Health Ministry to curb sales of ‘energy sticks’


Serious talk: Dr Dzulkefly delivering a speech at the inauguration of Liver Cancer Awareness Day in conjunction with World Cancer Day at Komune Living and Wellness in Cheras, Kuala Lumpur. — Bernama

KUALA LUMPUR: Following the emergence of new vape-like nasal inhalers called “energy sticks” that are targeted at children, the Health Ministry is planning to take immediate action over the issue.

Health Minister Datuk Seri Dr Dzulkefly Ahmad said they became aware of the potential sale of the device after receiving multiple complaints and alerts through social media.

“I have received multiple direct alerts on it (energy stick). I have already informed the director-general and deputy director on the issue and we will take action soon,” he said during a press conference after officiating the Liver Cancer Awareness Day ceremony at Komune Living and Wellness here yesterday.

His response comes after local health group Public Health Malaysia voiced concerns over the “energy sticks” being sold in Malaysia and its rising popularity among minors in particular, in a Facebook post last month.

Local advertisements for the vape-like products feature two-pronged nasal inhalers which come in a range of common vape product flavours.

They are supposedly being sold for as low as RM2.50, with its low price and ease of use being heavily aimed at young children.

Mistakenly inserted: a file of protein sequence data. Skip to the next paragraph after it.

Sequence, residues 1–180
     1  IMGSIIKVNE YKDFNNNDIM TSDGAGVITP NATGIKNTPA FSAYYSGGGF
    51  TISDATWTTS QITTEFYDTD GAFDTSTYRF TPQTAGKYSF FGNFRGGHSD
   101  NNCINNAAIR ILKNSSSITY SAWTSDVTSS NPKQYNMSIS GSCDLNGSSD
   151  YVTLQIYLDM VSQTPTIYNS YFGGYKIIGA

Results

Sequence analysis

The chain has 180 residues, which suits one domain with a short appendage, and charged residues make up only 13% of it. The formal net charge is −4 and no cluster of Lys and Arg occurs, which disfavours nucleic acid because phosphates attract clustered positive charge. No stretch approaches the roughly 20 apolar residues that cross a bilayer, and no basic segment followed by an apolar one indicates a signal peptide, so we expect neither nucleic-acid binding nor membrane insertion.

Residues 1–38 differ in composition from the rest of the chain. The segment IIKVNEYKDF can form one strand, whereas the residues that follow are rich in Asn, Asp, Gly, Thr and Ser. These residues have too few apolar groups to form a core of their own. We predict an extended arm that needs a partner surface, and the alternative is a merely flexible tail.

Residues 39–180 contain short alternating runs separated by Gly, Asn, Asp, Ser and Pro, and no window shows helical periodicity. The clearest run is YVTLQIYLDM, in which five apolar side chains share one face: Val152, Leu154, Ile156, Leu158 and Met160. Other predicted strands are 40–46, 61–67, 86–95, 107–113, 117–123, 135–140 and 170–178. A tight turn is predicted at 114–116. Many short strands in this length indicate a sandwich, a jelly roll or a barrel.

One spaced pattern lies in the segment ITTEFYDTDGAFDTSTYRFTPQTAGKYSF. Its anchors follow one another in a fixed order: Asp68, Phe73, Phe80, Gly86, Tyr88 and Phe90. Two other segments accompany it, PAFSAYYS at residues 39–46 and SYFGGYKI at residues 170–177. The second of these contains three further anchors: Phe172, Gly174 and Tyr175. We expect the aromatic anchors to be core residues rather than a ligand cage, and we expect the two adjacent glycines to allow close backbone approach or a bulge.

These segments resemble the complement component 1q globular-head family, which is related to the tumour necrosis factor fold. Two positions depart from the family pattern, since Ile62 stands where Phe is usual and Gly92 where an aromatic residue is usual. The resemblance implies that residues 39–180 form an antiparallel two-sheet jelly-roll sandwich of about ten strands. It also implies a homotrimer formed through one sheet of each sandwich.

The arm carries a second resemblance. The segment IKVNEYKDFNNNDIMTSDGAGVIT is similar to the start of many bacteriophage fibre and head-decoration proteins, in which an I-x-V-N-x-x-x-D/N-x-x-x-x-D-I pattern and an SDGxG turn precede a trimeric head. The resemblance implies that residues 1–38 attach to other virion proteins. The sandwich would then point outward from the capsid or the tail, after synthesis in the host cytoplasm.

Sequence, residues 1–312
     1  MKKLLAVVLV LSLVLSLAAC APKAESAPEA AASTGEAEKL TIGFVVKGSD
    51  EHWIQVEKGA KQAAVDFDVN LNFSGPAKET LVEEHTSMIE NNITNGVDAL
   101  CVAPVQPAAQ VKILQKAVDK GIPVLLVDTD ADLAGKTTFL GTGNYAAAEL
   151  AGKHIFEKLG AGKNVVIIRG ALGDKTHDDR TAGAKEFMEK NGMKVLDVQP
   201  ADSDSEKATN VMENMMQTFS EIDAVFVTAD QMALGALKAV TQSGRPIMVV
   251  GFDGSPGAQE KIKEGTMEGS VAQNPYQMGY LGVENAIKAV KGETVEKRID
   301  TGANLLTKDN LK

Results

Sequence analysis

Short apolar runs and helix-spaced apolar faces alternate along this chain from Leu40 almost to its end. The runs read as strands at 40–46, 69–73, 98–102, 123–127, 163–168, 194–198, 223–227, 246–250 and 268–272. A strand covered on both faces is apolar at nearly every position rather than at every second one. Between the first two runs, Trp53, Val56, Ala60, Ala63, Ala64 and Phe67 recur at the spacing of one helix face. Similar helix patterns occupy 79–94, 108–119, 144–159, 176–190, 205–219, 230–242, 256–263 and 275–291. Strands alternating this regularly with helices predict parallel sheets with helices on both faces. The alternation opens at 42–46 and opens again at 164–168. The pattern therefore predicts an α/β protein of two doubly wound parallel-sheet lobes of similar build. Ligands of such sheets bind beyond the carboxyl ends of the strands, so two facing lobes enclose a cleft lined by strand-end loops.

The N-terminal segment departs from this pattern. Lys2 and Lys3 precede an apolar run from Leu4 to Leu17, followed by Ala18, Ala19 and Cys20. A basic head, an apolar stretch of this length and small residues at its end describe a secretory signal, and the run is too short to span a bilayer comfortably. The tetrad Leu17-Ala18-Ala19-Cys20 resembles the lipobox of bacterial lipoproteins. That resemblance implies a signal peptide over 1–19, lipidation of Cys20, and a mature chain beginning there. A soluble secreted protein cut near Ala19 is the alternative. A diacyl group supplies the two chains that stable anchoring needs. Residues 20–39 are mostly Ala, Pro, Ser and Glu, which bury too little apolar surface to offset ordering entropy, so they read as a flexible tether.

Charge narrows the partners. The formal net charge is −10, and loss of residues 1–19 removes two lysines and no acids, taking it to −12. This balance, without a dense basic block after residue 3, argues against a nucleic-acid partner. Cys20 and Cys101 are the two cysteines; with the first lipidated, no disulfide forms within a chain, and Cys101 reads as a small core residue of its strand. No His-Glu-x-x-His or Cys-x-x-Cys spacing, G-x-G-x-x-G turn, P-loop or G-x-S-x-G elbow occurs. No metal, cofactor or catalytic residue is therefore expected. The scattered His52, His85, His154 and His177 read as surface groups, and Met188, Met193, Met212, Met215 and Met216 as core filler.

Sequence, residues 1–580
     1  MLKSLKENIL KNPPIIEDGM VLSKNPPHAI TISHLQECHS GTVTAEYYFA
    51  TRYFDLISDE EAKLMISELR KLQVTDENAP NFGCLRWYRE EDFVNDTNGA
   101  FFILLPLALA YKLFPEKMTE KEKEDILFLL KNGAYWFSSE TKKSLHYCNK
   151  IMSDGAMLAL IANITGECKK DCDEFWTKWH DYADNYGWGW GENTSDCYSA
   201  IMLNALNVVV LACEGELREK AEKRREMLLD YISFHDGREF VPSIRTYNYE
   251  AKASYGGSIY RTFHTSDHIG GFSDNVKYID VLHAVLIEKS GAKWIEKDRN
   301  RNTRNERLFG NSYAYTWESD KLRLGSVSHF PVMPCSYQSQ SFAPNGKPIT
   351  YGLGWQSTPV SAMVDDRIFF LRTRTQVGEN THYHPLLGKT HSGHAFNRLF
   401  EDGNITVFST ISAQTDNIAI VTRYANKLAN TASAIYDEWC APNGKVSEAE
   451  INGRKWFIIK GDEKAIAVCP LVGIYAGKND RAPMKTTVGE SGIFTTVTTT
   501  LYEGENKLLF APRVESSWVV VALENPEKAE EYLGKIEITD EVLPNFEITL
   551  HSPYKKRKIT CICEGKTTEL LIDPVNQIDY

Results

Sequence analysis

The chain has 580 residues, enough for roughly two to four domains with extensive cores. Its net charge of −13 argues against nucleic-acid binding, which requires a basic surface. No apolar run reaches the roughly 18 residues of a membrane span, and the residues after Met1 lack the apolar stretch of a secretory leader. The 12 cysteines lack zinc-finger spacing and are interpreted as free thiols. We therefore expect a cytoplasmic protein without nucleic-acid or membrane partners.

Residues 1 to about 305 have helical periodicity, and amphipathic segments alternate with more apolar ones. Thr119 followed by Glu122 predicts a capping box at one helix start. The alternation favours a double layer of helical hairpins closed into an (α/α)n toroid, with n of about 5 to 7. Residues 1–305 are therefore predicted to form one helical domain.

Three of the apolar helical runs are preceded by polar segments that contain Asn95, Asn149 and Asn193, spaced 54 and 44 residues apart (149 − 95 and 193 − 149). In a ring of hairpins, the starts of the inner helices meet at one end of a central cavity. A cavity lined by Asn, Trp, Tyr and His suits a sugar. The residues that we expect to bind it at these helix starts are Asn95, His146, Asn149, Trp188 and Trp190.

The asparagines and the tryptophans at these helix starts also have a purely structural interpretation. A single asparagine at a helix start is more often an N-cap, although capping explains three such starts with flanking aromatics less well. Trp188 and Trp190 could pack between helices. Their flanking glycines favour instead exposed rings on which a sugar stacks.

They are popular among primary and secondary schoolchildren in China, reported South China Morning Post on Nov 8 last year.

Meanwhile, on a possible looming cancer crisis in Malaysia, Dr Dzulkefly said the ministry was planning to take a more holistic approach by partnering with an international non-profit organisation.

He said the country saw 48,639 new cancer cases and 29,530 cancer-related deaths in 2020 with the terrifying figures set to double by 2040.

Dr Dzulkefly noted that liver cancer in particular was among the five most common types of cancers in the country which was caused by the ever-growing rate of obesity in the country.

“Obesity increases the risk of fatty liver disease or metabolic dysfunction associated fatty liver disease, which is one of the primary causes of liver cancer.

“The latest National Health and Morbidity Survey has reported that around 50% of adults and 30% of children in Malaysia are already overweight or obese, and this figure is predicted to continue increasing annually,” he said.

Dr Dzulkefly added that a holistic approach would be necessary to combat this negative trend going forward.

“Outside of advancements in cancer treatment, we must also look at improving the overall population’s access to essential health services as most cancer specialists and treatment facilities are usually only available in cities or major hospitals,” he said.

To this, he said the ministry was planning to join hands with non-profit global telementoring medical education organisation Project Echo (Extension for Community Healthcare Outcomes).

Through the use of videoconferencing, the goal is to provide healthcare providers in rural and isolated areas the knowledge, mentorship and support they need to care for patients in their communities.

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